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Inflation Risk Premium Implied by Options

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One of the commonly used estimates of expected inflation is the yield differential between nominal bonds and inflation-indexed bonds (breakeven inflation). Breakeven inflation is however a biased estimate of expected inflation because it includes an inflation risk premium (IRP). The novelty of our approach is that we estimate the IRP using the volatility implied from foreign exchange (FX) option prices combined with a price of risk extracted from stock prices. Purchasing Power Parity theory provides the linkage between inflation and the foreign exchange rate. Using data from the Israeli government bond market, which has a long history of liquid markets in inflation-linked and nominal bonds as well as an active FX options market, we find a statistically and economically significant positive inflation risk premium.

 JEL Classification: E31, E32, E51

Key words: Inflation expectations, inflation-indexed (linked) bonds, Inflation risk premium, foreign exchange options



Inflation expectations are a key variable for investors in capital markets and also play an important role in determining monetary policy in many countries, especially in countries with strong and independent central banks. In this paper we derive a market-based measure of unbiased inflation expectations, net of inflation risk premium (IRP), using data on inflation indexed government bonds, nominal government bonds and options on foreign exchange (FX) in lieu of options on inflation which are not available. A number of approaches are used to forecast inflation. Most models are econometric models, both structural and purely statistical. These models, however, rely on historic data and are not forward looking. Another source of inflation forecasts are surveys of professional analysts and economists. 1 Surveys are, however, based on samples that are usually small and therefore might not be representative of market expectations. In economies where inflation-indexed government bonds have been issued (e.g. TIPS in the U.S.) inflation expectations are derived from the yield differential between nominal bonds and inflation – indexed (real) government bonds. This estimate is referred to as breakeven inflation (BEI). 2 Inflation indexed bonds exist now in many countries.3 The BEI as a measure of inflation expectations is used by central banks in a number of countries (e.g., the Federal Reserve, the Bank of England, Bank of Canada and the Bank of Israel) 4 . The advantages of these estimates are that they are market based, forward looking, can be computed continuously and can provide the entire term structure of inflation expectations. Numerous papers have estimated inflation expectations in different countries from nominal and inflation indexed bonds. 5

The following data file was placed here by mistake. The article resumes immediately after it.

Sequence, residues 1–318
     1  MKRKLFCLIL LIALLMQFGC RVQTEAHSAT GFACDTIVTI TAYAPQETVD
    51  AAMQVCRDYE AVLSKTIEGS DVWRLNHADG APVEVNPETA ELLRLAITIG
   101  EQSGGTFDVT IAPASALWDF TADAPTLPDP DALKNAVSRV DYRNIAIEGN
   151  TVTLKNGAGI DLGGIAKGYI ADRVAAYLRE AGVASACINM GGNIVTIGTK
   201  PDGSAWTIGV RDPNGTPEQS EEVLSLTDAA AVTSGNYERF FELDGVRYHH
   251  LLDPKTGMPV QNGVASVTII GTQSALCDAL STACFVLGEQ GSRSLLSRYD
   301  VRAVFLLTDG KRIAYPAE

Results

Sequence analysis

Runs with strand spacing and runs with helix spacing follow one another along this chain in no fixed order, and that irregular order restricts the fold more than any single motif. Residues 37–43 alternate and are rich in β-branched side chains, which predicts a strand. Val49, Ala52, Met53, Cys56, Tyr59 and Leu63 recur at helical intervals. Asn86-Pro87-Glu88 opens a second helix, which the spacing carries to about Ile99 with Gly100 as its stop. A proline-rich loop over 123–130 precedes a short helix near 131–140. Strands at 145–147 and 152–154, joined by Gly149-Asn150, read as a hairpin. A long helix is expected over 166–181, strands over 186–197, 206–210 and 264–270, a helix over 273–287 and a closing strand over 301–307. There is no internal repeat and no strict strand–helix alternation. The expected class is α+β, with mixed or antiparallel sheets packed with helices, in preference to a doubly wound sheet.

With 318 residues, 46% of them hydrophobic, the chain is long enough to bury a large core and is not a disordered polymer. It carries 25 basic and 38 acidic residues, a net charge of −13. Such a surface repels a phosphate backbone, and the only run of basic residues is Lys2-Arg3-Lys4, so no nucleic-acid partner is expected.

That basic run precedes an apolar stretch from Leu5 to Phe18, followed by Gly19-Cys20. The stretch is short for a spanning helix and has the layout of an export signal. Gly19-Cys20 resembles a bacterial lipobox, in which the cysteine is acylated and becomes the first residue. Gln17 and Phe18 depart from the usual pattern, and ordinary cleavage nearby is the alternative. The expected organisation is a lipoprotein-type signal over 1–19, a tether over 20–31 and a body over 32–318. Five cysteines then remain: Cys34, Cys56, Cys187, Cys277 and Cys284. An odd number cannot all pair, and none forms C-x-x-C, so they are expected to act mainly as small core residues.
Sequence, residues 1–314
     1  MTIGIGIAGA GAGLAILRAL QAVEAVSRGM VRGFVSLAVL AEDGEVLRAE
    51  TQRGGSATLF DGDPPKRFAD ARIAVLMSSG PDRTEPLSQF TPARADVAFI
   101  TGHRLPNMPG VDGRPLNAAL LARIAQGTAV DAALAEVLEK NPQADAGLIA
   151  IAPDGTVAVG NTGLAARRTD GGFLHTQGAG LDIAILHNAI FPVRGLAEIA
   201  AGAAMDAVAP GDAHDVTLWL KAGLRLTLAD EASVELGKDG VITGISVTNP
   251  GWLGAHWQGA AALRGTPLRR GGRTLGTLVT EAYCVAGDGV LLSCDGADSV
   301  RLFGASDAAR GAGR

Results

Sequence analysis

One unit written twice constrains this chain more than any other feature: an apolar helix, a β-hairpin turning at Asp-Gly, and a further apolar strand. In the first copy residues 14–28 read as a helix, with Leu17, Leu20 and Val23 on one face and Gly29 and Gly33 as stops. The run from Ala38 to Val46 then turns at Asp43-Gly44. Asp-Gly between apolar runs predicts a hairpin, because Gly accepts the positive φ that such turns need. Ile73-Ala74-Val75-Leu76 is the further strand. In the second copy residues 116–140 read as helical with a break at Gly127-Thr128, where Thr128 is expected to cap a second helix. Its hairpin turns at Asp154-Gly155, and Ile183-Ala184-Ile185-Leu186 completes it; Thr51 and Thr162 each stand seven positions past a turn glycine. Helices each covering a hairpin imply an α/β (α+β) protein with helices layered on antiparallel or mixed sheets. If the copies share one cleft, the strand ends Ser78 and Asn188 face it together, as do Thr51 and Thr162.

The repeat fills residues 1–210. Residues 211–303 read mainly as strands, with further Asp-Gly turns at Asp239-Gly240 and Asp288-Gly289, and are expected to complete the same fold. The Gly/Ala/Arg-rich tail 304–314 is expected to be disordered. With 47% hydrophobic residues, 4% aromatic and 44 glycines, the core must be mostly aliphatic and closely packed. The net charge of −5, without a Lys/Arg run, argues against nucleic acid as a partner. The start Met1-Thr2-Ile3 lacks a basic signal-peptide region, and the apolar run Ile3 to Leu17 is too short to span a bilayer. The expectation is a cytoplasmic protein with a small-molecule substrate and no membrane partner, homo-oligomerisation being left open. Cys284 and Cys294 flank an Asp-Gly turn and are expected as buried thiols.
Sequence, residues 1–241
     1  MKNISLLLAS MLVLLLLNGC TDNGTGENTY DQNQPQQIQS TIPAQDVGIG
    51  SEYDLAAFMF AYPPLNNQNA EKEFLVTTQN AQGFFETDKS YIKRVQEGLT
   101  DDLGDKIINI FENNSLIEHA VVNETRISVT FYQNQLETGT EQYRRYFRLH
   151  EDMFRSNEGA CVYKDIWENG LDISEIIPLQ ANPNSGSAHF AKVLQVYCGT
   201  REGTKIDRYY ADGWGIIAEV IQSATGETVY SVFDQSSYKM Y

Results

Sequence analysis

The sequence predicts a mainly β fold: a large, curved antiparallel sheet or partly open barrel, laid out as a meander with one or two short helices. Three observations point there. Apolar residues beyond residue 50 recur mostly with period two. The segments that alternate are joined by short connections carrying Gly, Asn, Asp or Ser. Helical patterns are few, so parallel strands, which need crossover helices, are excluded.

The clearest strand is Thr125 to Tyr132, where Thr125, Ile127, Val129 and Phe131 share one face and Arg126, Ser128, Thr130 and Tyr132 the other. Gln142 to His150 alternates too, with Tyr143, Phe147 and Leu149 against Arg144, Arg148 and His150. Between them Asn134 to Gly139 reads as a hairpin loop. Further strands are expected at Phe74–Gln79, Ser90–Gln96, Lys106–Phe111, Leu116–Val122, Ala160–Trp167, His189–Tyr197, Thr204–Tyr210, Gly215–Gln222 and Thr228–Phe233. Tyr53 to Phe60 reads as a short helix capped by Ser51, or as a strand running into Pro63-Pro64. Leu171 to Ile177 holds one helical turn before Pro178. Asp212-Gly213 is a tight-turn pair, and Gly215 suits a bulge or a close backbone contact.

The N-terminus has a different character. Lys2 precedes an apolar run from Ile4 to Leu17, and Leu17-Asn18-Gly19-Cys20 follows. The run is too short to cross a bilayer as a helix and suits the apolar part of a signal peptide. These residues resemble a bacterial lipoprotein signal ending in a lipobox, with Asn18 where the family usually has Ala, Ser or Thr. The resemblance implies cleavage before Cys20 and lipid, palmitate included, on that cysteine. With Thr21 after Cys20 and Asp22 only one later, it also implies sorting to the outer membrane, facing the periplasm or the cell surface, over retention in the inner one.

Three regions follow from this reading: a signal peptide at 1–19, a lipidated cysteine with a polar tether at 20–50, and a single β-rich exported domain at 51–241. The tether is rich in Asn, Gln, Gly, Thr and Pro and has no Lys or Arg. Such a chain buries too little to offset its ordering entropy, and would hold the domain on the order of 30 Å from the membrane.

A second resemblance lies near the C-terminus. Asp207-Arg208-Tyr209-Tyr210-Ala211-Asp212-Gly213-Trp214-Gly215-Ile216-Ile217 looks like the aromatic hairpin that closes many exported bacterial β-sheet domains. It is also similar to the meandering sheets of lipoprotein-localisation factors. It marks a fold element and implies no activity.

–Eddy Azoulay, Bank of Israel; Menachem Brenner* Stern School of Business, New York University; Yoram Landskroner, College for Academic Studies Or Yehuda And School of Business dministration The Hebrew University of Jerusalem; Roy Stein, Bank of Israel

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We would like to thank Meir Sokoler, Michael Beenstock, Ami Barnea, Alex Ilek, Bill Silber, Paul Wachtel and participants of the Bank of Israel Reaserch Department seminar for their helpful comments. Thanks also to Helena Pompushko and Angela Barenholtz for their assistance.

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